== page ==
I’m nine weeks pregnant and my skin is a mess. I’m breaking out like a teenager and itchy all over. What other pregnancy skin problems can I expect during these nine months – and what can I do about it?

It is not at all uncommon for women to experience a multitude of skin changes during pregnancy. One of the more common skin disorders that can develop or worsen during pregnancy is acne. Using gentle skin-care products created for acne-prone skin can be helpful. Discuss with your healthcare provider which acne medications are safe for use during pregnancy. Physiologic skin changes that are common during pregnancy include hyperpigmentation and melasma, and those annoying stretch marks. Routine use of sunscreen and avoidance of too much sun exposure can minimise the development of melasma. Unfortunately, there is little evidence that stretch marks can be easily prevented or treated once they have appeared; most will fade with time. Finally, common skin disorders that can either improve or worsen during pregnancy include psoriasis and eczema. While many treatments for these skin conditions are safe to continue during pregnancy, you should discuss your current treatments with your doctor to determine whether they may be safely continued during your pregnancy.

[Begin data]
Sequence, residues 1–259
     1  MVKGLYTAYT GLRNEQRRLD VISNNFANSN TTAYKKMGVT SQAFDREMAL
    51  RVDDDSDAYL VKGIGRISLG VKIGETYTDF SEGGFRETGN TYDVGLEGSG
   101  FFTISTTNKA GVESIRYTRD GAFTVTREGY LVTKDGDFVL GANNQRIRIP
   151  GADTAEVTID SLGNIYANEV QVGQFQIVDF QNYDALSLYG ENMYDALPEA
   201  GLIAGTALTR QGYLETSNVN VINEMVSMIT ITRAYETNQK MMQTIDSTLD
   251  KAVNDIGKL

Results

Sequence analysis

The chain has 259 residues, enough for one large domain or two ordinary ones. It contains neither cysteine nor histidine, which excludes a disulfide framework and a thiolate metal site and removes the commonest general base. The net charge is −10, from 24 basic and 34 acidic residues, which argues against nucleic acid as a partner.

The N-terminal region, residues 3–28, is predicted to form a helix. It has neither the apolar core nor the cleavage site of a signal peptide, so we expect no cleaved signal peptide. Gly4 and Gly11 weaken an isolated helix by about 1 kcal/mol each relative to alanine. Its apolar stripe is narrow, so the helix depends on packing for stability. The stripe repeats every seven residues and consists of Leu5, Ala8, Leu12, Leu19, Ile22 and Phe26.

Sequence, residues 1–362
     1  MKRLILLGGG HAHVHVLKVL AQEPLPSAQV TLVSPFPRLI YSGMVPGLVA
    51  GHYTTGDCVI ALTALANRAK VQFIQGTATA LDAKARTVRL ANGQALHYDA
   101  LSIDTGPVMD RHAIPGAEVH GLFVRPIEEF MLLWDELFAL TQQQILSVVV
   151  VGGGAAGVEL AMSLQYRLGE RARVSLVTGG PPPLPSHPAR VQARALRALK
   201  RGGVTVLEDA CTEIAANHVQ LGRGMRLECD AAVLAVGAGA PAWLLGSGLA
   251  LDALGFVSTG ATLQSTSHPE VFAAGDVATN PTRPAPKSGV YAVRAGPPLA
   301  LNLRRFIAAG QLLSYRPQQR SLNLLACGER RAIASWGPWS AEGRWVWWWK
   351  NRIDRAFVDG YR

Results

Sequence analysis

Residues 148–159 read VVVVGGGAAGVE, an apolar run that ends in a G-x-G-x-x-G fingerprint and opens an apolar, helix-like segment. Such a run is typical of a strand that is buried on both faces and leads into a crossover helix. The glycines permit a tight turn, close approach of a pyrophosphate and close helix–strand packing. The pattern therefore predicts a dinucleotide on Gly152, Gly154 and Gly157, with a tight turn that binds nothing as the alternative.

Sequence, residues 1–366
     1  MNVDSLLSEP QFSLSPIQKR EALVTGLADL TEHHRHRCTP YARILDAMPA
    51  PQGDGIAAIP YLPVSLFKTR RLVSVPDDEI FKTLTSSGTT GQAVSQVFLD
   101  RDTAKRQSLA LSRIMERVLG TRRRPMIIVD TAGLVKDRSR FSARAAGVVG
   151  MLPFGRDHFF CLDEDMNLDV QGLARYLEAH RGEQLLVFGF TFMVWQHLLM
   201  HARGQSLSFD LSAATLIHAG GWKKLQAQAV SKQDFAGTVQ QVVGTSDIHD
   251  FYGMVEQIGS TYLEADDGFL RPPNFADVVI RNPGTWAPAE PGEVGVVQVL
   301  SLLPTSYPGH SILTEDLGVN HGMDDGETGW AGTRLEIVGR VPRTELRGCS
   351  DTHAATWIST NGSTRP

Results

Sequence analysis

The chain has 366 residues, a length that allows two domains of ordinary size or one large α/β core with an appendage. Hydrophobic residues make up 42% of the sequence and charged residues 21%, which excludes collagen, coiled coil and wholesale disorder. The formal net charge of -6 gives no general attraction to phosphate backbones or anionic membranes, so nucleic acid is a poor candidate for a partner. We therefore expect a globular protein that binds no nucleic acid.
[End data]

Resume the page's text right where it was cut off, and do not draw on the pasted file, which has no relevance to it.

My child has very sensitive skin. When he gets sick, he gets a rash. During the winter, he has dry patches. Certain shampoos/detergents irritate his skin. How can I help him?

Sensitive skin requires extra attention to skin care basics: avoid potential irritants, restore moisture, and treat inflammation. Potential irritants include ingredients in skin care products; common irritants include various alcohols (e.g. benzyl alcohol, cetyl alcohol); fragrance; and other chemicals such as sodium lauryl sulfate. Choose products that are free from common skin irritants. Use of comfortable clothing can help to minimise irritation from sweating and friction; many children with sensitive skin or eczema are more comfortable in clothing made from natural fibers such as cotton or bamboo as opposed to synthetic fabrics. Avoid use of a washcloth or loofah in the bath, as these are often too harsh on sensitive skin. Keeping the skin hydrated is essential! Encourage your child to drink plenty of water. Use of a moisturising cream is preferred over use of a lotion. Finally, if despite use of gentle skin care products and application of moisturisers your child’s sensitive skin worsens and you begin to see areas of eczema that are inflamed, you will need to start additional treatment. Topical anti-inflammatory medications are commonly used to treat signs of inflammation.